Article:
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p**y pencils and pencil sharpeners

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johnelliott

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When I was young I'm sure I can remember being able to buy decent pencils and sharpeners that could produce decent points that could be renewed when necessary.
Now, as soon as the pencil is nearly sharp the lead breaks off and the process restarts.
This is with expensive pencils, too.
Anybody else get this problem?
John
 

Chris Knight

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Amen to that!

I have exactly this problem. I do however get better results with more expensive pencils but still not brilliant. As to sharpeners, I have an oldish office type sharpener clamped to my router table that does a more or less decent job but have not found a handheld that works at all. Of course one can use a knife and sandpaper etc but heck, when I were a lad, the kit in my pencil case did a lot better!
 

sawdustalley

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In the graphics room at my school they have an electric pencil sharpener, it works very well - but will eat your pencil quickly.

One of them would be good for the workshop.....However I might find myself sharpening dowel rods for obvious comical reasons :shock:

Axminster also sell a sharpener to fit in the chuck of your drill :?

Seriously....I never have or have had problems in the workshop with leads snapping, which is really surprising. Just finished a pack of cheap (the cheapest!) pencils from some office company, they actually are great. I also use some red ones made from foam cups... :idea:
 

Dewy

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When we were being taught woodworking at school one of the first things taught was how to sharpen a pencil with a chisel. It only needs sharpening on one side to produce a section that is perfect for marking joints etc.
 
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Anonymous

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Amen indeed - I know that when my daughter breaks one of her pencils, I'll then spend the next 30 minutes over the bin sharpening it, then throwing it away when there's nothing left!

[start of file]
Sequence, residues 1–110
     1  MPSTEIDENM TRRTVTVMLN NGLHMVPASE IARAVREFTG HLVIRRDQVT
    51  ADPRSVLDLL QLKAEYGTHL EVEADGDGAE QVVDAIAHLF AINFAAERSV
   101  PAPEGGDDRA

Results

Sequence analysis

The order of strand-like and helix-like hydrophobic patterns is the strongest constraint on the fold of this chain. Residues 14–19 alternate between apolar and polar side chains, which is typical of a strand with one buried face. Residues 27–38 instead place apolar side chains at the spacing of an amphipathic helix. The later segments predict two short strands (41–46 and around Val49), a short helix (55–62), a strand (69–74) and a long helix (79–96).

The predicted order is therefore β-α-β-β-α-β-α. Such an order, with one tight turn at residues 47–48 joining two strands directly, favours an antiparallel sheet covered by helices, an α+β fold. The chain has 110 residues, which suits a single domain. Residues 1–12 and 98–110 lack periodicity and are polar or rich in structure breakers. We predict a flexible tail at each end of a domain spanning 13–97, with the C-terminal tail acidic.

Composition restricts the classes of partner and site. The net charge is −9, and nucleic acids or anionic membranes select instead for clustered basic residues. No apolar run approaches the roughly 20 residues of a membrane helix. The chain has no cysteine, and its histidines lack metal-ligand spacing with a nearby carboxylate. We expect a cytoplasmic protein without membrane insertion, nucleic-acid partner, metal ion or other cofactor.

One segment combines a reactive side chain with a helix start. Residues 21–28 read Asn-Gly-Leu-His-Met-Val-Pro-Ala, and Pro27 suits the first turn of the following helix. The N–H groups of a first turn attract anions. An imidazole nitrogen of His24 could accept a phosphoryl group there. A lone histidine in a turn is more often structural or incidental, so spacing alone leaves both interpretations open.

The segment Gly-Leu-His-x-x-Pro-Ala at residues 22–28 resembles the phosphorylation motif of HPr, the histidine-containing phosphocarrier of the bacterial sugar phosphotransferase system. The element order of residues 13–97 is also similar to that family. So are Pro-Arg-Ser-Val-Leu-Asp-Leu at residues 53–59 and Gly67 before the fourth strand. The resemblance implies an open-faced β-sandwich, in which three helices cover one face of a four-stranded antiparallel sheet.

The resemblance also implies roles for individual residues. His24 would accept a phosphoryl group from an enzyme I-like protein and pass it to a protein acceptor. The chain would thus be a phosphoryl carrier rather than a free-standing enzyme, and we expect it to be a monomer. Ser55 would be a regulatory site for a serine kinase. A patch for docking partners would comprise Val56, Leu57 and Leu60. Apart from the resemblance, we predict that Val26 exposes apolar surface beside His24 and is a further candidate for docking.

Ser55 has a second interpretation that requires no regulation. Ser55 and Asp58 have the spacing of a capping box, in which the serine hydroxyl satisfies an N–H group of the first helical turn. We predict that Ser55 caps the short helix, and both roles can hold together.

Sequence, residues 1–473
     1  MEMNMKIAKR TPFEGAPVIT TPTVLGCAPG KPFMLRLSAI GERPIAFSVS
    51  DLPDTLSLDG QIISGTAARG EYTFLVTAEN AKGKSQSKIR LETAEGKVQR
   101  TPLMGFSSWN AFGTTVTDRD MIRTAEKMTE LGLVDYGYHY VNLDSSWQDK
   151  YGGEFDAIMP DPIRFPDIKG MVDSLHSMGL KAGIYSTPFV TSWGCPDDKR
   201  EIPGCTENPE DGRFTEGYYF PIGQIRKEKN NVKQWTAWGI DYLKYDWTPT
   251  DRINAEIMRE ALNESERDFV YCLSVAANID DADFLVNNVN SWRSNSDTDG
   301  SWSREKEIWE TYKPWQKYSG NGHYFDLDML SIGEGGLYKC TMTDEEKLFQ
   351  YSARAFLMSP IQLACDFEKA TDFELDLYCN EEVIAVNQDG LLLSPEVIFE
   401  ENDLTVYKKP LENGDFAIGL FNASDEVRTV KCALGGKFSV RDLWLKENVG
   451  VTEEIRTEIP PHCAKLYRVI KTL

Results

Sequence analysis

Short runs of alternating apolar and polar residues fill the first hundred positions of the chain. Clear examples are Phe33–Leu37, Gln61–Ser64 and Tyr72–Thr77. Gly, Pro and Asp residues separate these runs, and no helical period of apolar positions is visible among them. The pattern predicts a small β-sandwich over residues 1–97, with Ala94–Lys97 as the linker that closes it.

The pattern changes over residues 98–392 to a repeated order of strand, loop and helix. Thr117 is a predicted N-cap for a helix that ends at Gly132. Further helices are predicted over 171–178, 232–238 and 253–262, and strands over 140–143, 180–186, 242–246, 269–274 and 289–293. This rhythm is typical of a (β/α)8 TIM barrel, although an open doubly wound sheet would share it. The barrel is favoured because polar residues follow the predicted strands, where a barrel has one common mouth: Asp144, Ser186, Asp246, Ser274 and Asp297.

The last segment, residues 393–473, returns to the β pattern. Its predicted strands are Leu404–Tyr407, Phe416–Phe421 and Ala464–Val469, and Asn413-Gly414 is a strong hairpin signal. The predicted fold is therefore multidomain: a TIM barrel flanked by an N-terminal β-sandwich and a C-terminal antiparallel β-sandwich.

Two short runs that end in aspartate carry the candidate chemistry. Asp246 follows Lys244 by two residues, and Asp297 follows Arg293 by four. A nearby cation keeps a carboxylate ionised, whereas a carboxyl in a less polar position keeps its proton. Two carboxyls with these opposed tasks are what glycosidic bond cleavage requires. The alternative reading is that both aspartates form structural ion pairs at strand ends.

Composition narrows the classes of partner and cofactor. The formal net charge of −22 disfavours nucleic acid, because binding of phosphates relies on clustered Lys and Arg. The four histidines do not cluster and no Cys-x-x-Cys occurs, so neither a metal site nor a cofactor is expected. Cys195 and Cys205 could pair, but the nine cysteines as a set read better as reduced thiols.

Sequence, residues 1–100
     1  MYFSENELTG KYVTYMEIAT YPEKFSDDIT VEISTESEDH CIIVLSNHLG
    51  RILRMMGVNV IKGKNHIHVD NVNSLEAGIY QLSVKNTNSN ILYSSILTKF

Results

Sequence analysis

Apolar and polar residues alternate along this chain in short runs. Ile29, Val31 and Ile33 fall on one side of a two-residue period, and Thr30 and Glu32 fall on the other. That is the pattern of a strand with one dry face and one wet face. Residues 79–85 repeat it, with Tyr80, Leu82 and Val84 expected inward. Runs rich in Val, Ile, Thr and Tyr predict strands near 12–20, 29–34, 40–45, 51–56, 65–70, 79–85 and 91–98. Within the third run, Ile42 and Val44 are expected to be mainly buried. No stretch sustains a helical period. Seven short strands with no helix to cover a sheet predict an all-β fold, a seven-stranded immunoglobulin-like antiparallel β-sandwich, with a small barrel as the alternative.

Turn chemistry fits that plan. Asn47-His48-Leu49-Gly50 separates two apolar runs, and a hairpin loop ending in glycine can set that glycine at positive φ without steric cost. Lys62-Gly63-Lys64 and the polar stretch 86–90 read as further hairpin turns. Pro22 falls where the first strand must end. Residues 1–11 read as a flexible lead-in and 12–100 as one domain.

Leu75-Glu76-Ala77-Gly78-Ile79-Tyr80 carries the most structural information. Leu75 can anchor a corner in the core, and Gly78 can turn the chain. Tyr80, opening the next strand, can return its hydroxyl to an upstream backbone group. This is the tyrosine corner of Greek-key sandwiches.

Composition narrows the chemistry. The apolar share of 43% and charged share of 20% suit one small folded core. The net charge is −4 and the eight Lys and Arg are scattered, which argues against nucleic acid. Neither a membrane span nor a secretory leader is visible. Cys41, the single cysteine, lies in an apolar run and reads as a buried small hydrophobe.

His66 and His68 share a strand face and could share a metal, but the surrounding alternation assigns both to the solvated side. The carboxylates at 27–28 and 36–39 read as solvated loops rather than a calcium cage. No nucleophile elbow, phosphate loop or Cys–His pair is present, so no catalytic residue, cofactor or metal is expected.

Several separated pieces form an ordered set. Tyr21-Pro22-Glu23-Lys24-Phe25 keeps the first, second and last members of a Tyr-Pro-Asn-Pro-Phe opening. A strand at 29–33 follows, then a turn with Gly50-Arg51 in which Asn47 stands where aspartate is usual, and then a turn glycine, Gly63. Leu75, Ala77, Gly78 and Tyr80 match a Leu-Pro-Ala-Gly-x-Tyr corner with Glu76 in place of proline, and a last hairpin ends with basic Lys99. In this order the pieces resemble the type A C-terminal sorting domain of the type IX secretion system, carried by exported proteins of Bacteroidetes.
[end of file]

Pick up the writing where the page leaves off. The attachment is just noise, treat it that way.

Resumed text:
For the shop though, a propelling pencil does the trick - Staedtler do 0.3 mm thickness lead models, which are more than ideal for marking out when not using a knife.
 

Dr. Thrax

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I agree with everything especially using a propelling pencil, much easier, just push the end if the lead snaps and saves all that time sharpening too :wink:
 

johnelliott

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Dewy":ecr7t22y said:
When we were being taught woodworking at school one of the first things taught was how to sharpen a pencil with a chisel. It only needs sharpening on one side to produce a section that is perfect for marking joints etc.
Could we have a picture? Or a more precise description? Sounds interesting but I'm just not seeing it

John
 

Aragorn

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I've used the same propelling pencil (i.e. the sort used in technical drawing) for about 10 years! 0.5mm leads, always a sharp point. Why bother with anything else??!
 
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Anonymous

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Saw David Free use one................never goin back
 

Bean

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I just use my marking knife and fill the cut with pencil lead, its easy :D The pencil lead does however come from a 0.5mm pencil, the only down side to this is that it does not fit behind the ear so well :wink: